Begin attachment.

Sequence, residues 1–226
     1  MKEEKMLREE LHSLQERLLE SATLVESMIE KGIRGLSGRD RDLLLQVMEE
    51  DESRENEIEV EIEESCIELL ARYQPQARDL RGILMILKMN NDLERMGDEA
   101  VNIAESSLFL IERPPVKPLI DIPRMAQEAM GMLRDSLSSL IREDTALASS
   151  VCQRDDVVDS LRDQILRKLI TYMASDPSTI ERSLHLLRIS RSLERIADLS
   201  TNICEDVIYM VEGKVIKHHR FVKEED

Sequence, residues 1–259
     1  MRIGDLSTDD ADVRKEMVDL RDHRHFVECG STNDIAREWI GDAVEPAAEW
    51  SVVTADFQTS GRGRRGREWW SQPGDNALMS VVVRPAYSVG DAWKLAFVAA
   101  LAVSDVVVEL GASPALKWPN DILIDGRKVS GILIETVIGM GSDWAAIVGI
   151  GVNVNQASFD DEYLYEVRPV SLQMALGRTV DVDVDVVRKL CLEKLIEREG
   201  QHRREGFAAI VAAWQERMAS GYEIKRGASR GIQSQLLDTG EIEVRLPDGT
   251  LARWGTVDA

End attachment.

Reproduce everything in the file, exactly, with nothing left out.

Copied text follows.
Sequence, residues 1–226
     1  MKEEKMLREE LHSLQERLLE SATLVESMIE KGIRGLSGRD RDLLLQVMEE
    51  DESRENEIEV EIEESCIELL ARYQPQARDL RGILMILKMN NDLERMGDEA
   101  VNIAESSLFL IERPPVKPLI DIPRMAQEAM GMLRDSLSSL IREDTALASS
   151  VCQRDDVVDS LRDQILRKLI TYMASDPSTI ERSLHLLRIS RSLERIADLS
   201  TNICEDVIYM VEGKVIKHHR FVKEED

Sequence, residues 1–259
     1  MRIGDLSTDD ADVRKEMVDL RDHRHFVECG STNDIAREWI GDAVEPAAEW
    51  SVVTADFQTS GRGRRGREWW SQPGDNALMS VVVRPAYSVG DAWKLAFVAA
   101  LAVSDVVVEL GASPALKWPN DILIDGRKVS GILIETVIGM GSDWAAIVGI
   151  GVNVNQASFD DEYLYEVRPV SLQMALGRTV DVDVDVVRKL CLEKLIEREG
   201  QHRREGFAAI VAAWQERMAS GYEIKRGASR GIQSQLLDTG EIEVRLPDGT
   251  LARWGTVDA